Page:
1. Patañjali lays out the process of yoga and how we learn something new in Yoga sūtra 1.17 and it totally applies to piano lessons.

This sūtra says…

vitarka-when we first start piano, we have only a gross understanding of it

vicāra- as we practice, it becomes more subtle

ānanda- this process brings us joy

asmitā-rupa- eventually we know the piano so well that we become one with it.  We don’t have to think about correct posture or “every good boy does fine.”   It’s already there in our muscles and on the paper when we sit down.

anugamāt- It’s through this process over a long time that 

saprajñāta– our understanding of the instrument and the music that it makes, becomes a part of us. 

If we want to have more of something in our lives, then we need to spend time doing that thing. It’s not enough to merely go through the motions. We practice to have more of the kind of experiences we want and with an attitude that fosters a love of learning, ānanda. The experiences that help us to connect, earnestly and eagerly, to the things we want in our lives, are experiences that shape who we are and who we become.

*******

Registration now open!

Ojai Women’s RETREATIMG0172

REAL LIFE. REAL TOOLS.

AUGUST 31ST TO SEPT. 5TH, 2016

This 5-day retreat is specially designed to teach you the art of unlearning and letting go of old patterns that have long since lost their usefulness while also providing precious leisure time which allows these new skills and understandings to become more rooted in your daily life.

We teach YogaAyurveda and the Alexander Technique in a practical and meaningful way so that when you return home you will have useful tools to keep this new, balanced relationship going—not only within yourself but with everyone around you.

Carol P. Prentice ~ Amanda Green ~ Sydney Laurel Harris

AGY readers receive a $200 discount on or before May 15th!  Enter the code *RENEW2016* in your registration form under questions and comments. (*cannot be combined with any other discounts)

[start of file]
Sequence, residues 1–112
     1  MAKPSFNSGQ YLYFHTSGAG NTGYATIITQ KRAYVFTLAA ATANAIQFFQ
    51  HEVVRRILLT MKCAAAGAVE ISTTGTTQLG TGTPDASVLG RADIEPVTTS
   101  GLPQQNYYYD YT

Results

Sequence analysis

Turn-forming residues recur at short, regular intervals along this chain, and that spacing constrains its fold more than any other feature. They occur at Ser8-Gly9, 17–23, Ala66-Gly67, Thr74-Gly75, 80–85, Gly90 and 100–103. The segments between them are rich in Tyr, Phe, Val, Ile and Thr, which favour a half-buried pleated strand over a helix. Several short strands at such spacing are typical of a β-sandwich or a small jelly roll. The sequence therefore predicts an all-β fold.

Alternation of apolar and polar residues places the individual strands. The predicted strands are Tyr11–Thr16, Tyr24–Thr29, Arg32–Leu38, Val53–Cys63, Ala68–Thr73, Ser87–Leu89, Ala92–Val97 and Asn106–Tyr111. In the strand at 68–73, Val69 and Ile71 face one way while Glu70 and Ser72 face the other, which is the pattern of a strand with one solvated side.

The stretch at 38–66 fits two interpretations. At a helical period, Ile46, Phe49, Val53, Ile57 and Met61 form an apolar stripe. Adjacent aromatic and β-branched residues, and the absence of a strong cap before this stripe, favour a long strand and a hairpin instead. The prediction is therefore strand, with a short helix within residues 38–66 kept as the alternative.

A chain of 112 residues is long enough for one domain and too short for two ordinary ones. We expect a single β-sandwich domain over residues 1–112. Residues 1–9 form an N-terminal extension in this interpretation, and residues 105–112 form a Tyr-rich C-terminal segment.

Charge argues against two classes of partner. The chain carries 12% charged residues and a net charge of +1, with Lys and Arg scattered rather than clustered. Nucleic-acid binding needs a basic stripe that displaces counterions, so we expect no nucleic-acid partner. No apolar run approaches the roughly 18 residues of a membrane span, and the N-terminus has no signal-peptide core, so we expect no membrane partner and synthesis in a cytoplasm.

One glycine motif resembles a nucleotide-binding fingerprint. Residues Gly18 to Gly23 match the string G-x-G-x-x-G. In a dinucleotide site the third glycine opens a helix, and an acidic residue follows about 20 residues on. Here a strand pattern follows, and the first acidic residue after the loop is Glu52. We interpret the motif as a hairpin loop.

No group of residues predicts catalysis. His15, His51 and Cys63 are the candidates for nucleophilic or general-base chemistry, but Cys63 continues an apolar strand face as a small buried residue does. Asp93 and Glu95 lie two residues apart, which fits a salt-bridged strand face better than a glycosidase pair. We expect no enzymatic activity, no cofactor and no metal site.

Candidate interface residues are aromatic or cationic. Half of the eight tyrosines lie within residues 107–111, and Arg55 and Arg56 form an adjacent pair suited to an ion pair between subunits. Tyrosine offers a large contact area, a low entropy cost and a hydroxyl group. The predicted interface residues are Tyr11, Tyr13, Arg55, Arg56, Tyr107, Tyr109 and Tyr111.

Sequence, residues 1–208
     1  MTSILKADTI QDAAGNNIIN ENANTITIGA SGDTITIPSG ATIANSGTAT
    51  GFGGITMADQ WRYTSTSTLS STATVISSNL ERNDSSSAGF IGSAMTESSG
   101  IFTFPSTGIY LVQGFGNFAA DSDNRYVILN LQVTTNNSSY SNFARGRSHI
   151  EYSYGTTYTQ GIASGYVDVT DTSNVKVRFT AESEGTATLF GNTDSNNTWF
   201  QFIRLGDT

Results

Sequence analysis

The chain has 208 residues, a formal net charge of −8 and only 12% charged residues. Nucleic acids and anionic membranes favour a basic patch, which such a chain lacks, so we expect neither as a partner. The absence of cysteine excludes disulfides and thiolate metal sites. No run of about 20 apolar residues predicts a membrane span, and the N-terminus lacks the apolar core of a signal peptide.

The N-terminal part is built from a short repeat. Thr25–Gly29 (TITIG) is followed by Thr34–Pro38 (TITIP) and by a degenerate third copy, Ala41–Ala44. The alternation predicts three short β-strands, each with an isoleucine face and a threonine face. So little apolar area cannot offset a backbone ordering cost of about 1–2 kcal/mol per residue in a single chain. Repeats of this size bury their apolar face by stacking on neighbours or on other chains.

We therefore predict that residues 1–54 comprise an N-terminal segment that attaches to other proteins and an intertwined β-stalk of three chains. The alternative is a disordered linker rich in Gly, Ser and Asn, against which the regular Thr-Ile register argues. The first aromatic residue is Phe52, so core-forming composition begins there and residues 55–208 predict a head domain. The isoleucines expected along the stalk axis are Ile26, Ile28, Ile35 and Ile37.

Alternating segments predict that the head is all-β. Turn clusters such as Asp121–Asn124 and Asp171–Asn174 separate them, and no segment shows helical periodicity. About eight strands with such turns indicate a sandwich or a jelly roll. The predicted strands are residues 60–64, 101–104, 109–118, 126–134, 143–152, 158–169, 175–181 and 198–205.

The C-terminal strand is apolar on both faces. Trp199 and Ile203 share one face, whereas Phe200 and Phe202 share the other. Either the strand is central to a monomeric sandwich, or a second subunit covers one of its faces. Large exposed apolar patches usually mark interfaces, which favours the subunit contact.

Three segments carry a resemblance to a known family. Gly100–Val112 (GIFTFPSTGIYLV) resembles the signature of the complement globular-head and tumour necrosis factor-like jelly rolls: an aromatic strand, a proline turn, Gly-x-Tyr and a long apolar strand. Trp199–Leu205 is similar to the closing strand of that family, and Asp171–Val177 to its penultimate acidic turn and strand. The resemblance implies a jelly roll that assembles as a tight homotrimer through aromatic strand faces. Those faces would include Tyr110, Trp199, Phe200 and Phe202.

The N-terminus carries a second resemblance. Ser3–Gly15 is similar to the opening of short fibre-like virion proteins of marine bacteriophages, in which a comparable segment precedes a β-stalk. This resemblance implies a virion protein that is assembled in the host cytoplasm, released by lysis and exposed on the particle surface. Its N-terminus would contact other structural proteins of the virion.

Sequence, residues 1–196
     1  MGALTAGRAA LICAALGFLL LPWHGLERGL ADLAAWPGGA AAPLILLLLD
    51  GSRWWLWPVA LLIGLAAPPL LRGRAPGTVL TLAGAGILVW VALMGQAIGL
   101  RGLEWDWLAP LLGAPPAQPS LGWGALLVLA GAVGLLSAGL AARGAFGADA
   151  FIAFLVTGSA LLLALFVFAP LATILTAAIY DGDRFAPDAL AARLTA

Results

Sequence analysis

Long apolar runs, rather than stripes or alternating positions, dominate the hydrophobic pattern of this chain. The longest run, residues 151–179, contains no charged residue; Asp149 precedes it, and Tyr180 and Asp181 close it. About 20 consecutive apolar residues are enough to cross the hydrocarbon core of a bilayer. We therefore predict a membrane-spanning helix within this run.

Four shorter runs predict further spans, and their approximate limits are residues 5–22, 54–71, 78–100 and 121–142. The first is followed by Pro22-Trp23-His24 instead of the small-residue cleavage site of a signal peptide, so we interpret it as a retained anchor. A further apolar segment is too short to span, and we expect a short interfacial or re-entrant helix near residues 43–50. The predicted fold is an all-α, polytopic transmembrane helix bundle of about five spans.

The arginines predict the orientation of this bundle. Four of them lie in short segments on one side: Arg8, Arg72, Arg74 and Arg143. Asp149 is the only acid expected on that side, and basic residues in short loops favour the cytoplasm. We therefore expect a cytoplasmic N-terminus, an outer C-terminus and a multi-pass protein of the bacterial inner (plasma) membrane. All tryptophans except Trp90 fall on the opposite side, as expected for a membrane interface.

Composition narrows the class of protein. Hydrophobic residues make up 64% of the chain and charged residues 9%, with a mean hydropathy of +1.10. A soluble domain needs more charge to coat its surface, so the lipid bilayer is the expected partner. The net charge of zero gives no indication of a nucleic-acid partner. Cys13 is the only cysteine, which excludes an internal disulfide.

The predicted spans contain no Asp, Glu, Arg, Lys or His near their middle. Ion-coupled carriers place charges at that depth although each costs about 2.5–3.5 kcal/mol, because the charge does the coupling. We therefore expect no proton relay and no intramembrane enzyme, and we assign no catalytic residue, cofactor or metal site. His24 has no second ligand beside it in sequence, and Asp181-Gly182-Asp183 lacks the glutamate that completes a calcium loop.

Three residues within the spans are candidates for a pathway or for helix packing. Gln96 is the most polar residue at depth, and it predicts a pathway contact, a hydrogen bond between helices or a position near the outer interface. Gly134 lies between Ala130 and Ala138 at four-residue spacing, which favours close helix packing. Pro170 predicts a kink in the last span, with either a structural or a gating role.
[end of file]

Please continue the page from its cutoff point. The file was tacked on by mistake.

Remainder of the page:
Learn more at http://handson-retreats.com or contact me with any questions you may have.

Skepticism really isn’t that fun

Patañjali’s Yoga Sūtra 1.25 tatra niratiśayaṁ sarvajña bījam

Here's a pic of my sister and my mom not buying whatever my cousin is selling on the other side of the table.

Here’s a pic of my sister and my mom not buying whatever my cousin is selling on the other side of the table.

For most of my life, I’ve been a bit of a skeptic. This peaked between the ages of 12 and 27. In my teenage years, I was afraid of looking dumb or seeming gullible so I wasn’t willing to accept most of what I was told. The stronger position seemed to be “Well, I don’t think so. That sounds crazy. That person might not be a reliable source,” or other vague arguments that allowed me to feel protected from the dubious world of misinformation. I didn’t want to be swept up into any trends or crazes and then have to be embarrassed when the social-jury deemed it ‘lame,’ and I didn’t want to feel duped when the new-fangled idea of the day was proven wrong. So, I just didn’t go along with much.

I remember getting into an argument about cutting boards with a friend who had spent two semesters in culinary school. We were at my grandmother’s house washing dishes after a really nice meal together and as we dried my grandma’s cracked and slightly moldy wooden cutting board, I said something like, “This cutting board is gross. My mom always uses plastic ones so she can put them in the dishwasher.” And my friend said something like, “Wooden ones are better. That’s what we use at school.” My defenses fired and instead of asking more or deferring to his experience I dug my heels in about the merits and clear superiority of plastic over wood. I argued about it for a long time. He said knives didn’t dull as quickly on wood. Wood had natural anti-germ properties. Yes, they require a little more care and attention, but it’s a natural material. I just kept insisting I was right and they were gross. The conversation ended and I left feeling like I won the argument but I also felt like a jerk. I didn’t even really believe plastic was better. I knew I was being annoying and not very nice but I couldn’t help myself. I was a dedicated skeptic.  (I’m still embarrassed as I think about this conversation, so thank you for letting me confess it here. Maybe now I can let this 20+ year issue lay to rest.)